The Afro-Mexican population was concentrated largely in three southern states: Guerrero, Oaxaca, and Veracruz.

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Mexican town pays tribute to firework blast victims with pyrotechnic display

3/10/2017 The Guardian

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Ronaldo Schemidt/AFP/Getty Images

A  few days before Christmas, something caused a firework to go off at the San Pablito pyrotechnics market on the northern outskirts of Mexico City. Within seconds, the blast had unleashed a powerful chain-reaction which tore through the market in a cascade of explosions and sent a towering plume of smoke over the town of Tultepec.

By the time the smoke had cleared, dozens had been killed, scores more were injured, and the market was reduced to a scorched ruin.

Two and a half months later, Tultepec is again echoing with explosions, but this time for the country’s National Pyrotechnics Fair, which culminates this weekend in a display of “musical pyrotechnics” and mass release of sky lanterns.

Officials describe it as both a tribute to the 42 victims of the disaster – and a way of keeping the local economy afloat.

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Trump’s taunts are stirring a level of nationalism Mexico hasn’t seen in years

2/25/2017 The Washington Post

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via Flickr – Steve Brown & John Verkleir

Confrontation with the United States is so central to Mexican history there’s an institution dedicated to the trauma. It’s called the Museum of Interventions.

Remember the Alamo? They do here — as the prelude to a string of defeats, invasions and territorial losses that left Mexico wounded and diminished, its national identity forged by grievance.

The museum is housed in a former convent where Mexican troops were overrun by U.S. soldiers in the 1847 Battle of Churubusco. And for most of the three decades since the museum opened, its faded battle flags seemed like the stuff of buried history, an anachronism in an age of galloping North American Free Trade Agreement integration.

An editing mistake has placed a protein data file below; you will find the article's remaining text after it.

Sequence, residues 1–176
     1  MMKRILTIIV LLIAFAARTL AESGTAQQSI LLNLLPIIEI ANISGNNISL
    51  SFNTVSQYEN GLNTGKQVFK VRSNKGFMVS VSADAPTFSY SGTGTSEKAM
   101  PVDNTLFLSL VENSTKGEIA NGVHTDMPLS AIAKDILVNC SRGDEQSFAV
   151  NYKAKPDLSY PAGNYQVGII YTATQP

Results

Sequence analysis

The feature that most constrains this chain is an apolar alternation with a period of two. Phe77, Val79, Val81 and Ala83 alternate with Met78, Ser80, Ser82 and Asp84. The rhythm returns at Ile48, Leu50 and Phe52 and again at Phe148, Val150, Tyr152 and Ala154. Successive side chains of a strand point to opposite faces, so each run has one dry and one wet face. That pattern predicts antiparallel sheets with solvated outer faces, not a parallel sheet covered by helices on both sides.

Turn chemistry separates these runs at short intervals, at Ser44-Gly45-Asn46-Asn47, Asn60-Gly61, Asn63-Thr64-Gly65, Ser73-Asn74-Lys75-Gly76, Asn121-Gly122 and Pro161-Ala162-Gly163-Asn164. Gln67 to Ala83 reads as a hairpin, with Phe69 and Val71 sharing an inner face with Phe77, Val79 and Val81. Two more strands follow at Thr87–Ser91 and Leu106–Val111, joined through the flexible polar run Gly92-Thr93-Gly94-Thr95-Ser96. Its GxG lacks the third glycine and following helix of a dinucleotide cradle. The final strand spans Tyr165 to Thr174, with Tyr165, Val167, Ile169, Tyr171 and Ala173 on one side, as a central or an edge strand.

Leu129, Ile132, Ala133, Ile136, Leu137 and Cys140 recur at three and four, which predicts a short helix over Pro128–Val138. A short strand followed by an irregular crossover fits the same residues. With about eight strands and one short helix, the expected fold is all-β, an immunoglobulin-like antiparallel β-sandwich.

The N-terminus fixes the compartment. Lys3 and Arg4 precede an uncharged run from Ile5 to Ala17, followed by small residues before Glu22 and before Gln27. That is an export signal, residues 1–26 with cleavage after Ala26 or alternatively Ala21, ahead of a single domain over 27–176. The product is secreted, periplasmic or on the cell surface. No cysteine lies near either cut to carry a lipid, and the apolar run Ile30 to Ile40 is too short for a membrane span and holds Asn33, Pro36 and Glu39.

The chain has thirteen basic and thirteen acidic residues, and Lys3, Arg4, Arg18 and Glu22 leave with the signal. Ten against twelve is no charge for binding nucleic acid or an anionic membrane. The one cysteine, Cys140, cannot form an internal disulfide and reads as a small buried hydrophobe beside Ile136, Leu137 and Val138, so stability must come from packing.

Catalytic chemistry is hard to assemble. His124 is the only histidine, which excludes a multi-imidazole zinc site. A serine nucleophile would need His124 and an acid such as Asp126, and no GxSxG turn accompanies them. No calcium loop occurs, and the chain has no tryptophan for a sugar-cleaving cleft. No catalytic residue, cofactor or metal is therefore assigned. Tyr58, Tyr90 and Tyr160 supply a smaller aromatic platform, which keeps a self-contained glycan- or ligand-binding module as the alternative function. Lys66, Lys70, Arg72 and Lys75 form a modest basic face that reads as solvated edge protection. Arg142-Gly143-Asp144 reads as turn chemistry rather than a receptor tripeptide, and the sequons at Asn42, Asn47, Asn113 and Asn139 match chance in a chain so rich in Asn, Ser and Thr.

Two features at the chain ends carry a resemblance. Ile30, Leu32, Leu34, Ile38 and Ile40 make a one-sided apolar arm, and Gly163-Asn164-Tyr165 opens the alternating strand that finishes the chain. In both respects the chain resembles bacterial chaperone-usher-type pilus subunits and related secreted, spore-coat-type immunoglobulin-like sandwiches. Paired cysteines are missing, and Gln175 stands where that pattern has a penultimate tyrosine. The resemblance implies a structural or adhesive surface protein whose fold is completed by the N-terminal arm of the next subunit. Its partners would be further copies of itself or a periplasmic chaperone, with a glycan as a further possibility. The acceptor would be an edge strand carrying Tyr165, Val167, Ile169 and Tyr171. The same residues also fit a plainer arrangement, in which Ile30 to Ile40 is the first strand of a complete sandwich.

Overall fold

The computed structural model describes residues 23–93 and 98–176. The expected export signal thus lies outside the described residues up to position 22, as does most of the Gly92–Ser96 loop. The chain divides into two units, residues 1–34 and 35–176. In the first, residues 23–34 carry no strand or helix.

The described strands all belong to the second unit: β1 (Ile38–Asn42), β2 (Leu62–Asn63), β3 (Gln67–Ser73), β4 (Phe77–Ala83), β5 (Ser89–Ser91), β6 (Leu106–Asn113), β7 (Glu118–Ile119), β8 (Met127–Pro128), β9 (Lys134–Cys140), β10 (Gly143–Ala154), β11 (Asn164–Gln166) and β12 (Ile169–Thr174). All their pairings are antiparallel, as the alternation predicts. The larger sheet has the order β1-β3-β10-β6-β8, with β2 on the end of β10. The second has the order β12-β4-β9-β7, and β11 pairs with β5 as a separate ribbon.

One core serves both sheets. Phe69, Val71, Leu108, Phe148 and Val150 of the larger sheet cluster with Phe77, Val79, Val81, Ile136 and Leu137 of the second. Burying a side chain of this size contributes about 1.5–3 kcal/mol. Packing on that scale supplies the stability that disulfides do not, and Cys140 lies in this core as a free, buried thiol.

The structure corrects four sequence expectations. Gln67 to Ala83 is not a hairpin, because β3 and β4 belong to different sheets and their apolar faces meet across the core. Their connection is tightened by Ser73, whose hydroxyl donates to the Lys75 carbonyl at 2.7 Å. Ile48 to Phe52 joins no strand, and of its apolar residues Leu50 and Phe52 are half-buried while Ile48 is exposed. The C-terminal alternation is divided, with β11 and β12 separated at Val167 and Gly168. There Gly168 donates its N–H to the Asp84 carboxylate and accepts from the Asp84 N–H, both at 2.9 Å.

But President Trump’s wall-building, great-again nationalism is reviving the old Mexican version, too. His characterization of tougher border enforcement and immigration raids as “a military operation” hit the nerve that runs through this legacy, undermining his aides’ trip to Mexico City this week and the message that relations with the United States remain strong.

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Thousands of Protesters Across Mexico March Against President Trump

2/13/2017 TIME

protest -- stroke -- resistanceMEXICO CITY — Thousands of protesters in more than a dozen Mexican cities took to the streets on Sunday to express their fierce opposition to U.S. President Donald Trump, portraying the new leader as a menace to both America and Mexico.

Waving Mexicans flags and hoisting anti-Trump signs in both Spanish and English, some vulgar, many protesters also heaped scorn on their own president, deriding Enrique Pena Nieto as a weak leader who has presided over rampant corruption and violence at home.

Trump and Pena Nieto have been locked in battle over their countries’ deep ties for months, even before Trump won the presidency with promises to get tougher on immigration and trade from Mexico.

Mexico fears Trump’s policies could send Latin America’s second biggest economy into crisis.

In a rare display of national unity, marchers and organizers came from across the country’s deeply polarized political factions, encouraged in part by a pro-march ad campaign by Televisa, the country’s dominant broadcaster.